By NATARIO McKENZIE
Tribune Business Reporter
RISING tensions between Morton Salt Bahamas and its line-staff union resulted in a 40-worker “sick-out” yesterday and the company suspending several workers for a week.
Jennifer Brown, president of the Bahamas Industrial, Manufacturers & Allied Workers Union (BIMAWU), which represents around 100 line staff at the company’s Inagua operations, told Tribune Business that the company was attempting to “intimidate” workers after several employees were either warned or suspended from their jobs.
“The workers are disgruntled because they don’t feel as though the company is taking their safety concerns seriously,” she said. “The company is trying to make a case against the workers. Three persons, two truck drivers and a heavy equipment operator, have been suspended.
“After that happened, some of the workers decided that they weren’t going to work their shifts on Wednesday, and on Thursday we had a sick-out. At least about 40 persons called in sick. I don’t know if corporate office is aware of what is going on down here.”
Two of the suspended workers were warned in February 6 letters, seen by Tribune Business, that they “may have violated your last chance agreement” from last year and be facing possible termination/dismissal.
The letters, signed by Michael Nixon, Morton Salt’s general manager, alleged that the workers had breached Article 2.1 in the industrial agreement between the company and union. This calls for both sides “to secure the well-being of employees” while assuring “the efficient and economic operation” of the Inagua-based salt harvester.
Morton Salt, indicating its intention to initiate disciplinary proceedings, told the suspended staff that they will be notified before February 14 of when the meetings to determine their fate will be held. They were also given an opportunity to submit a written statement detailing their side of events.
John Pinder, director of labour, said he had received no official report of any industrial unrest at Morton Bahamas but added: “I heard that something is brewing, but nothing official. No one has said anything to us as yet, but I do know that the union is in possession of a strike certificate. I think the employer’s concern is that the workers are on work-to-rule.”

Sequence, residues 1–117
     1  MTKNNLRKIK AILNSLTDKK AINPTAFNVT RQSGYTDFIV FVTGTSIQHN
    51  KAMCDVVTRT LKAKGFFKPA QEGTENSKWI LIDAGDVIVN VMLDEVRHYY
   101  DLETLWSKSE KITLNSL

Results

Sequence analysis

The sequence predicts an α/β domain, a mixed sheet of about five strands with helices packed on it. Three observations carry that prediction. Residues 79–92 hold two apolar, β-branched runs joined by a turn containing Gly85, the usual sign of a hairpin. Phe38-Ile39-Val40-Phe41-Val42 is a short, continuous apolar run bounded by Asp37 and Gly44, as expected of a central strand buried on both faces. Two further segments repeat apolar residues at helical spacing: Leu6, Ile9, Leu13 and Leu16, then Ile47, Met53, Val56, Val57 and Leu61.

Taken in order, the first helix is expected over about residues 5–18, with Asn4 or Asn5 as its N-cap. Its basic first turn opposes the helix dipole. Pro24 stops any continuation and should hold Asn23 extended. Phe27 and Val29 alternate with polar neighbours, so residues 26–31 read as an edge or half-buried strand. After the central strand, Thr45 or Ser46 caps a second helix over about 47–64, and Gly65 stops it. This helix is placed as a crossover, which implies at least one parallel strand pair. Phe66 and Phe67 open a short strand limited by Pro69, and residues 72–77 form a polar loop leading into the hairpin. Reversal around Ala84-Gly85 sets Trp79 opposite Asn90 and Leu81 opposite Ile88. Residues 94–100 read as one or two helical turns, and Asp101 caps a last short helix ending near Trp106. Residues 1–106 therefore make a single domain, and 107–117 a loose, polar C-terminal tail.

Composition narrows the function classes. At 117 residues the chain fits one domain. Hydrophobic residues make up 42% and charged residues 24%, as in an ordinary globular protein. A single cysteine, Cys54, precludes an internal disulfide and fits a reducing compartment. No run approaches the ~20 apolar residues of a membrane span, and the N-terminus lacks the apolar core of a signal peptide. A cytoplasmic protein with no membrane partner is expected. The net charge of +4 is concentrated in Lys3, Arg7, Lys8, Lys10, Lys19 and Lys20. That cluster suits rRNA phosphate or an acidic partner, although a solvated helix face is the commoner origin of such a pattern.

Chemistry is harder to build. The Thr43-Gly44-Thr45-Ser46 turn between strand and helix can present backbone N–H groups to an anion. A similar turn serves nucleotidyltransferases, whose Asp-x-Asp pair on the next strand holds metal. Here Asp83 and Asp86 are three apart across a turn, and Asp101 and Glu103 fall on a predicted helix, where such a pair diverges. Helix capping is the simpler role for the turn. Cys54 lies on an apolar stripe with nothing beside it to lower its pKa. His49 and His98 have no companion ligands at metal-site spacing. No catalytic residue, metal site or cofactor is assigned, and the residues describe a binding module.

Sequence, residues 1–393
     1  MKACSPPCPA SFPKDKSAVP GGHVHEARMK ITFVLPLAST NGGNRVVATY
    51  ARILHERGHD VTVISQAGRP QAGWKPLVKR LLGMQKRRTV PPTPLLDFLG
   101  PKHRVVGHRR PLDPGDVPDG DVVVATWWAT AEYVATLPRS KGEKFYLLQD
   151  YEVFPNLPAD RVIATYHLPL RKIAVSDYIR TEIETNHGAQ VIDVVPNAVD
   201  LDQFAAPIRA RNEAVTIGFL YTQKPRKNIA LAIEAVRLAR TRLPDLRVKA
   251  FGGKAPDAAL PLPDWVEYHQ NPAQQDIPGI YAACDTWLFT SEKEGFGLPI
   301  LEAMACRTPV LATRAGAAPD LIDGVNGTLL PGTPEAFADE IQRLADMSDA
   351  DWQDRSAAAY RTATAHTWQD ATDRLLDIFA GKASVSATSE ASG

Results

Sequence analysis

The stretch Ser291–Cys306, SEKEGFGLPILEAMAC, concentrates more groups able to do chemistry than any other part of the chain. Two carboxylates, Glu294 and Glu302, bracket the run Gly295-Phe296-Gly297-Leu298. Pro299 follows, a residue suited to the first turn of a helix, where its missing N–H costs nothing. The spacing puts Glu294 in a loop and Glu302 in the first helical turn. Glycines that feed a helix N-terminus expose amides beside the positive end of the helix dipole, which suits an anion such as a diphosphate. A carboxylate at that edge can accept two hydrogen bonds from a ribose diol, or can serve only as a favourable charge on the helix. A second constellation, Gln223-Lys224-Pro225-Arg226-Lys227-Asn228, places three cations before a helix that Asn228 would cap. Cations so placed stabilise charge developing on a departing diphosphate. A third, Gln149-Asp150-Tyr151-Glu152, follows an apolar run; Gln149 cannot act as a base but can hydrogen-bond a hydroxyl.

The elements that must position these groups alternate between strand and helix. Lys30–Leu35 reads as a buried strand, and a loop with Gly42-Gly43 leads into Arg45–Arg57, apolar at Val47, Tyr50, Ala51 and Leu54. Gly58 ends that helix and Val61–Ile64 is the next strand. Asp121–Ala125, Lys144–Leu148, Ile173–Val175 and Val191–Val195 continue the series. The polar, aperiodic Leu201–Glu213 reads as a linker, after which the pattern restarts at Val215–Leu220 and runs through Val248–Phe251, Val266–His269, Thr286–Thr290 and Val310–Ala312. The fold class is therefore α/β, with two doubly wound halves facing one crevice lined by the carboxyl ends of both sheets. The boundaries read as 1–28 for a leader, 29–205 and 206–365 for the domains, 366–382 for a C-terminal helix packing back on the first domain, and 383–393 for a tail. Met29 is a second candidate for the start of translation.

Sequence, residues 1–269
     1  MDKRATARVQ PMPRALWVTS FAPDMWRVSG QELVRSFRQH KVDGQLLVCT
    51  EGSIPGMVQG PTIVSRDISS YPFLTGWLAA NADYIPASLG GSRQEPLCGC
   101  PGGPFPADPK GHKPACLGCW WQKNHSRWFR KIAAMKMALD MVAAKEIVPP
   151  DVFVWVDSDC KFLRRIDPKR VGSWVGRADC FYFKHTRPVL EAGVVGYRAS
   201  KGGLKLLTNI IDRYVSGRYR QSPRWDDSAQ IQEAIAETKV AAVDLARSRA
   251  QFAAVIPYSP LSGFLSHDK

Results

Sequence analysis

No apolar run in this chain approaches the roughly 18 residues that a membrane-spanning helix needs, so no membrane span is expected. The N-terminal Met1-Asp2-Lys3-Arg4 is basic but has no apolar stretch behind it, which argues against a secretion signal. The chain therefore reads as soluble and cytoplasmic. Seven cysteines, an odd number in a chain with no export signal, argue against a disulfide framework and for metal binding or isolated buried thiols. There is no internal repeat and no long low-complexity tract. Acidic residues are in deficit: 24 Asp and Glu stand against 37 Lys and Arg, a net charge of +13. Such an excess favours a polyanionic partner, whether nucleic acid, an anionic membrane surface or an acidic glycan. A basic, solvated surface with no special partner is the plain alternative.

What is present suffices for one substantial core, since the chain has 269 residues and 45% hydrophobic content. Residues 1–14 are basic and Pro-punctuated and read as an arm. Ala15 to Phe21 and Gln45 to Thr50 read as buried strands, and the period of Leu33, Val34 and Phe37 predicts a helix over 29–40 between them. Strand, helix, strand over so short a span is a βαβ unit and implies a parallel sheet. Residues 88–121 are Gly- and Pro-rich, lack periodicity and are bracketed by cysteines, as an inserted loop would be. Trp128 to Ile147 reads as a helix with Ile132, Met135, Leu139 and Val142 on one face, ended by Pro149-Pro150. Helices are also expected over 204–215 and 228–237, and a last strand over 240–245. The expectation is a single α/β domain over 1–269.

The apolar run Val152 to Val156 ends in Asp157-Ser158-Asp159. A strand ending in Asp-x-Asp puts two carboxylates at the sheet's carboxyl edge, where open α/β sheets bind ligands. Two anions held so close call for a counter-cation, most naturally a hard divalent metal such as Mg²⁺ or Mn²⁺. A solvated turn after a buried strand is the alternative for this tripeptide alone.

Morton Salt earlier this week issued warning letters to three employees over what it classified as an “intentional slowdown”. But Ms Brown previously rejected suggestions the union had instigated this. She told Tribune Business that workers have expressed safety concerns and any action was merely precautionary.
“Equipment needs to be fixed, trucks need to be fixed, the road to the crystalisers needs to be fixed, and the guys say they are not going to work like that any more,” Ms Brown said. “The employees are taking caution, and the company has an issue with that.
“We have two ships at the dock now, and the company is accusing them of deliberately slowing down. They gave some persons letters of warning. Persons have been putting stuff on social media about what’s going on, but I can say that there is no deliberate work stoppage or slowdown, not to my knowledge. That is not what’s happening.”
She added: “There are a lot of safety concerns and they know about it. They want the guys to go out in the trucks to deal with these boats but they know the concerns.”
Morton Salt, in a statement sent to Tribune Business on Wednesday, said: “At Morton, the safety and security of our employees is of the utmost importance. Earlier this week, we were contacted by union representatives who provided our team with a list of facility and equipment repairs to address.
“Nearly all of the items shared were already being proactively addressed and resolved by our maintenance and health and safety teams as part of our standard operating procedures and processes. We will continue to assess, address and resolve the remaining items in a timely manner to ensure we continue to safely meet our production goals.”
The union has in recent months gone public over its dispute with Morton Salt regarding a new industrial agreement. Ms Brown recently told this newspaper that the union, which represents some 100-line staff at Inagua’s largest employer, had been been “pushed” to take strike action after the company made no improvements to its purported counter-offer. The threat of industrial unrest has loomed over Morton Salt’s Inagua operations since late last year.
Morton Salt said yesterday: “For the past year, Morton Bahamas has met in good faith with union representatives in an effort to reach a new labour agreement. We’ve also worked together with a conciliator to help drive toward resolution. Unfortunately, the parties have not yet reached an agreement. Until then, we encourage our employees to continue working safely and diligently during ongoing contract negotiations.”